Today I am delighted to welcome Emma Lazell to the blog for a special Q & A to celebrate the release of her hilarious debut, ‘Big Cat.’ It tells the story of a little girl called Isobel who stumbles across an unusually large cat in her grandma’s garden whilst looking for grandma’s glasses. Unfortunately without her glasses grandma fails to spot that this big cat is in fact a tiger and invites him to stay much to her other moggies dismay. Isobel thinks this new pet is so much more fun than her grandma’s other cats but he’s causing chaos wherever he goes and devouring everything in site. Brilliantly told with bold, vibrant illustrations this is bound to delight and entertain young children. Each spread is intricately drawn inviting the reader to pore over the spreads time and time again. It has a retro look that really appealed to me despite being placed in a modern setting. Emma has created a lively and funny debut that left me with a huge smile across my face.
Q & A – Emma Lazell
How did you become an illustrator?
My first degree was a BA in Illustration at the University of the Creative Arts. Following this I worked as a teaching assistant, playing a big part in the school’s art department and leading art clubs and events, and alongside this I spent my time writing and illustrating little stories inspired by the children I worked with, and also taking on some freelance work in illustration and design, including stationery illustration and rebranding projects. Following this I went part time and opened up a children’s art party business, which I ran for a few years before moving to Cambridge to start the MA in Children’s book illustration, this had always been the dream! I had an amazing time on the MA, being inspired by the exceptionally talented staff and peers, and really found my way of working. I had a huge blown up illustration of Big Cat at my stand at our MA graduate show at the beginning of 2018, which was spotted by Neil at Pavilion, and over the course of 2018 turned into my debut book. Soon after I met my agent Alice, of Madeleine Millburn literary agency. I now spend my time drawing and writing and planning new projects, and I am looking forward to being involved in lots of book related children’s events over the course of 2019.
Tell us about your creative process & the materials you use in your illustration
My work is a mixture of hand drawn line, handmade textures and digital colour. I rarely stay inside of a sketchbook, and prefer to work onto scraps of card and paper that can easily be scanned in. I draw using dip pens, fine brushes, fineliners and soft black pencils, and then create layers of texture using Indian ink and black watercolour which I scan in separate layers and assemble digitally, using Photoshop to alter the colours. Then I layer on more vibrant colour using digital brushes.
Where do you work?
I have a studio in my garden in Cambridge, which is often invaded by my cats, but I try to also get out and draw or write on location, or in cafes with friends.
What gave you the idea for Big Cat?
My Cats! Big Cat started out as a story all about an oversized domestic cat, based on my naughty cat Ruby. It was a few drafts on that Big Cat became… without revealing any of the story… the Big Cat that he is.
What is your favourite part of the book?
There are three moments I really like in Big Cat: the big tiger reveal at the end for its saturation of orange; the tiger tea party; and the moment where Isobel realises how fun Big Cat is, compared to grandma’s other cats.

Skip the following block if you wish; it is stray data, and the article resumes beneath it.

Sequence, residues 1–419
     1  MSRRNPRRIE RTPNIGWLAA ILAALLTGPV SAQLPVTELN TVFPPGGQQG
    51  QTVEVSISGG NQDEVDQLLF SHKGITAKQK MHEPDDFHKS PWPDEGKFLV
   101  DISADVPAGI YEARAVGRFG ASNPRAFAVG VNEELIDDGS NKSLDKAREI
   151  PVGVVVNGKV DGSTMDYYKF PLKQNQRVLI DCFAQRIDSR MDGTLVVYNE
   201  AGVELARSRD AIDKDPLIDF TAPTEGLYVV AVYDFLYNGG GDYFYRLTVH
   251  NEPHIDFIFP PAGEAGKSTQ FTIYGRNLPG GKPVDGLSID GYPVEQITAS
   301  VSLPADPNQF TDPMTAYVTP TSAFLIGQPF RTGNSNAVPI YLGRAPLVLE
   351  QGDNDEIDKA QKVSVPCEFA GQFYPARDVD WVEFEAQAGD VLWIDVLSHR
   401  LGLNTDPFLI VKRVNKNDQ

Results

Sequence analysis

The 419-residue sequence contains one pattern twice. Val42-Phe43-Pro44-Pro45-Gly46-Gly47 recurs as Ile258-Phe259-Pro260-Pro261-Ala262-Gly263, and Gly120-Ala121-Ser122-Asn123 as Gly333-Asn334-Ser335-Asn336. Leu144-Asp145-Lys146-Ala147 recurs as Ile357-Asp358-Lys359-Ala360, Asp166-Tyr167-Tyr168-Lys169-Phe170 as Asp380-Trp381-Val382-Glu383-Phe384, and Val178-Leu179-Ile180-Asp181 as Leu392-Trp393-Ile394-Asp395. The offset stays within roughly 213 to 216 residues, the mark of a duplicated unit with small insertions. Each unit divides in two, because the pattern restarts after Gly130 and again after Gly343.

How did you select the names for your characters?
I didn’t have a particularly difficult job here, as my main characters have very self-explanatory names: Grandma and Big Cat. Isobel, the little girl, is named after my younger sister, although her name doesn’t actually appear in the story.
What books did you love most as a child?
Certainly Judith Kerr’s The Tiger Who Came to Tea, but I think this love is very evident in Big Cat. Growing up I loved We’re Going on a Bear Hunt, and I can still recite it by heart to this day; Michael Rosen’s poetry, which I can fondly remember my primary school headmaster reading us in Friday assemblies; Pat Hutchins’ The Very Worst Monster – I think this says something about the kind of big sister I was! And I also love Francesca Simon’s Horrid Henry series.
Which illustrators or artists are you inspired by?
Standout inspirations for me are Quentin Blake, Roger Duvoisin and Tony Ross. I love their confident and expressive use of line. I think discovering Duvoisin as a student was a turning point for me in my work, I suddenly felt I could be so much more free with my line, and could achieve everything I wanted purely from a great and confident line. Contemporary illustrators I love are Helen Stephens, Maisie Paradise Shearring, Laura Hughes, Isabelle Arsenault and Becky Cameron. I love illustrators who work really freely and expressively, and I am so inspired when an illustrator is confident enough to share their earliest and roughest sketches. I’m also really inspired by fine art; I love the fauvists, I think they inspire my bold colour palettes. My favourite painting is Matisse’s La Bonheur de Vivre, and again I am so inspired by its vibrant colour palette.
Are you working on a new book or any other projects at the moment?
Yes, I am, I am working with Pavilion Children’s on a new book, due out Spring 2020. It’s top secret at the moment but I can say, if you quite liked Big Cat but you’re more of a dog-person, then this will be the book for you!
Thank you to Emma for this really insightful and interesting Q & A.
‘Big Cat,’ is available to buy now online and from any good bookshop. Thank you to Catherine and Pavilion for inviting me to host this Q & A and for sending me a copy of the book in exchange for an honest review.